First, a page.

During a space program in 1960, NASA used the basic twinning idea by creating a physical duplicate of the systems that were in spacecraft on the ground. Eventually, those duplicate physical systems were replaced by computer simulations. This replacement was very important because not only it reduced the cost. Also, the computer programs were portable and can be assessed from anywhere.
Back in 2016, the term digital twin really took off after Gartner, a global research and advisory firm listed digital twins as one of its “Top 10 Strategic Technology Trends for 2017” saying that within three to five years, “billions of things will be represented by digital twins, a dynamic software model of a physical thing or system.” The Gartner report stated that “a digital twin can be used to analyze and simulate real-world conditions, respond to changes, improve operations and add value.” A year later, Gartner again listed digital twins as a top trend for 2018, saying that “with an estimated 21 billion connected sensors and endpoints by 2020, digital twins will exist for billions of things in the near future.”
In Today’s era, digitalizationwill be a major push for advancement in manufacturing and processing industries. Consumer requirements are growing each day which includes product customization, higher quality, durability, safety etc., which in turn reduces innovation cycle lifetime and increases competitive pressure. So the answer for this ever-growing demand is digitization using digital twinning, which seamlessly integrates automation hardware and software to provide in-depth analysis of machines and plants.
Digital twin is a dynamic virtual representation of a physical object and the dynamics of how an Internet of Things device operates and works. Digital twin is all about understanding the elements that compose a physical device and the dynamics of how that device is put together. A digital twin influences how to design, build and operations of a device are constructed in a single life cycle.
Digital twin incorporates Neural networks, artificial intelligence, machine learning and software analytics with spatial network graphs to form a live digital simulation of physical entities. Real-time status and working condition or position of a digital twin is maintained by continuous learning and updating using plural sources like sensor data, human experts, data from other similar machines, environment, historical data etc.
When in operation a digital twin imitates the actual operation and conditions of the product. It evaluates Product’s age, wears and tears caused to the product dealing with different environmental conditions such as weather changes etc. The digital twin not only facilitates the operations of the product but also helps in facilitating better design and better manufacturing by the lessons that are learned and the re-calibration that takes place along the way.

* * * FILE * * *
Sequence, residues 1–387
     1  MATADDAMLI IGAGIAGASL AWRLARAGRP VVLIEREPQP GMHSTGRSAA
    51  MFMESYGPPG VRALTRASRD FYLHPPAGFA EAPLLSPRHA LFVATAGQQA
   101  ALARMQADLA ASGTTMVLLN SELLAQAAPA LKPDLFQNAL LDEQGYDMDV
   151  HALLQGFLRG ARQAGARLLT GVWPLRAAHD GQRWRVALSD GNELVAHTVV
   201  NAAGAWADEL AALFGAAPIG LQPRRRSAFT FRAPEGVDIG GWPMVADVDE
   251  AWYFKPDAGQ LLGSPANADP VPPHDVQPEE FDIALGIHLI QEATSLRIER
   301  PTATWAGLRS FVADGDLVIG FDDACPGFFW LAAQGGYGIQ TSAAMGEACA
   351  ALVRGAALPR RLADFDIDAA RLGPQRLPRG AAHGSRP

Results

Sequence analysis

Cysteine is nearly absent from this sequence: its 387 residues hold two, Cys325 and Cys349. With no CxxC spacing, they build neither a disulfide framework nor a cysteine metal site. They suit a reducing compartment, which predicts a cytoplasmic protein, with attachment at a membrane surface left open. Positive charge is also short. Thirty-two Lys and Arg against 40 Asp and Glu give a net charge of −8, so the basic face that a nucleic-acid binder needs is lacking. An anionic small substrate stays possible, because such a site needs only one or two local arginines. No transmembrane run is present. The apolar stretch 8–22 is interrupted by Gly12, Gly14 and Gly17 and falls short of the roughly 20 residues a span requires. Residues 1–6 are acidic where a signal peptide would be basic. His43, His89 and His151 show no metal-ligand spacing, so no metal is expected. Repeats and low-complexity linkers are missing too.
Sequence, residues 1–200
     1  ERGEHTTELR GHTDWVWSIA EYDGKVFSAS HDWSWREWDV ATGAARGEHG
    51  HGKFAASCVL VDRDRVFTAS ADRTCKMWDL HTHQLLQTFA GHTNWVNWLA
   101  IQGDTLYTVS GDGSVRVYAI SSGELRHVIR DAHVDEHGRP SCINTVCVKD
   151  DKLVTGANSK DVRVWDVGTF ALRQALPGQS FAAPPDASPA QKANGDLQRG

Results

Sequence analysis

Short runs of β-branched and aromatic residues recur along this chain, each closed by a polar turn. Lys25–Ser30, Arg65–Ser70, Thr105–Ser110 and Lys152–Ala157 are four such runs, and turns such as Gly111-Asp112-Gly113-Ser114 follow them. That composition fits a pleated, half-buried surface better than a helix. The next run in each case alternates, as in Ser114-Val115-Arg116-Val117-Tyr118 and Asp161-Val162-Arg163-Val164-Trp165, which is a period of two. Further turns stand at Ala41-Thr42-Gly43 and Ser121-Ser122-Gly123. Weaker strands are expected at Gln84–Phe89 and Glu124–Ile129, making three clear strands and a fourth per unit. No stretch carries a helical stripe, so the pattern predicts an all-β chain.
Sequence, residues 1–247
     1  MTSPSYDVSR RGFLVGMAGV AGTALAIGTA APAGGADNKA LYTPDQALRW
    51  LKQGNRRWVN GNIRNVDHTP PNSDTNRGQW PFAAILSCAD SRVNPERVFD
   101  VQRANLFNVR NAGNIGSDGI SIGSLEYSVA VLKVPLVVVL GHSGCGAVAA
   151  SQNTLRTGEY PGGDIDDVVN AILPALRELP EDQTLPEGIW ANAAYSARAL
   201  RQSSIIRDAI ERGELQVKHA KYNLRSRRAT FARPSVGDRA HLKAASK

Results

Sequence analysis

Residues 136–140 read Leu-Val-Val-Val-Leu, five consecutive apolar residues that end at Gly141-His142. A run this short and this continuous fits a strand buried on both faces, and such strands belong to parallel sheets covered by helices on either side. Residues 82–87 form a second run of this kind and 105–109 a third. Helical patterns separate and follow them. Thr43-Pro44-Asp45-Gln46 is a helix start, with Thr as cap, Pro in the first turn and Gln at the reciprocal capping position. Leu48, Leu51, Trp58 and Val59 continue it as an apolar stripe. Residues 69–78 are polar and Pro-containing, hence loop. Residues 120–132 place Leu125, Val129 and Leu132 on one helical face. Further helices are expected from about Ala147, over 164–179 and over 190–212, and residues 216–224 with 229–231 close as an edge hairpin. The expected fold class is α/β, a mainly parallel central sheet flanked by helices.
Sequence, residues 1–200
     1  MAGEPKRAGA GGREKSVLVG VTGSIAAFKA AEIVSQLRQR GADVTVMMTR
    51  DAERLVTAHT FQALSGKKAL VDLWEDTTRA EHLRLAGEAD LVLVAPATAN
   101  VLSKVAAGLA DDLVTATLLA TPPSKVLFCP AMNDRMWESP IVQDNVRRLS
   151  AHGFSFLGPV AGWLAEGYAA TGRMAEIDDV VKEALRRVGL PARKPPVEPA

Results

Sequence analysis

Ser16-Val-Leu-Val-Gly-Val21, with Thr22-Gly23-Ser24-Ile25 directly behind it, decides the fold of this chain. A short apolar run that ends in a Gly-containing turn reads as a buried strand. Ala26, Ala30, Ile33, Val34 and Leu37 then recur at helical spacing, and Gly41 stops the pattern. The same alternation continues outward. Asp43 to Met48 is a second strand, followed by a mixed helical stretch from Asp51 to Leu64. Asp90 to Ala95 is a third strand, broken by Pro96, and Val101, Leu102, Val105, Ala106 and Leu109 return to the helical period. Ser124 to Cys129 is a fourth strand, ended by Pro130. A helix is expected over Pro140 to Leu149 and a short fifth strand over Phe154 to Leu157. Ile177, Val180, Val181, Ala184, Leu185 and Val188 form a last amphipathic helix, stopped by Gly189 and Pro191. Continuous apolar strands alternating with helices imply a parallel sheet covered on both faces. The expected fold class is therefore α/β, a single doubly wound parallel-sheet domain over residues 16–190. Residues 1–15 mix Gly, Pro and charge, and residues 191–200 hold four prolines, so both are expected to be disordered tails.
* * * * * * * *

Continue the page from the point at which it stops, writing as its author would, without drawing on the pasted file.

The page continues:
The capability of Digital twins to provide in-depth analysis, complex prognostics and intelligent maintenance to find the root cause of issues which in turn improves productivity, broadens its scope of applicability which includes manufacturing industries, health care, Automotive industry etc.
By using Digital twins both hospital operations and the care provided to patients can be revolutionized. The entire hospital can be twinned by creating an interlinked system of digital twins representing entire hospital premises and all the machines and equipment therein which can be beneficial in creating safe and effective patient care. Also, digital twins of humans and organs can be made to fully study and perform procedure virtually before performing on the actual person.
Engineers in GE are working on manufacturing bandage-sized sensors to monitor a person’s vital information such as heart rate, blood pressure and oxygen levels. All of the gathered data can be provided to a digital twin which will create an exact model of the person’s body thereby improving care in hospitals, and also gives doctors visibility into patients’ well-being when they are not at the hospital.
In Manufacturing, digital twins are most commonly used. The main goal of any manufacturer is to Produce quality products on time to expectant customers, and if machinery is not working in unison and at appropriate capacity, it impacts employees, productivity, deliverability and, ultimately, customer satisfaction. The digital twins enable the manufacturers to monitor real-time performance, to communicate processes and test efficiency updates without interrupting normal workflows.
According to predictions by 2020 there will be 10 million self-driving/autonomous cars on the road which means a proliferation of new, interconnected things. A digital twin of every autonomous vehicle can be created, which enables manufacturers to analyze the performance of each car in its physical environment. Sensor infrastructure is already placed in the latest vehicles that constantly control the vehicle’s critical systems. The mechanics run the diagnostics, and the data from in-build sensors tells them which part is to be repaired. The next step involves digital twinning which includes setting up steps to transmit the data back to manufacture, where data will be analyzed and predictive performance analysis will be performed that will help make driving experiences smarter and safer.
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The mentioned industries are just a few examples where digital twinning is helping in transforming productivity and ease of business, but the potential that digital twinning is holding is yet to be explored. The rise of digital twins will brighten the future of research and development especially in manufacturing industries.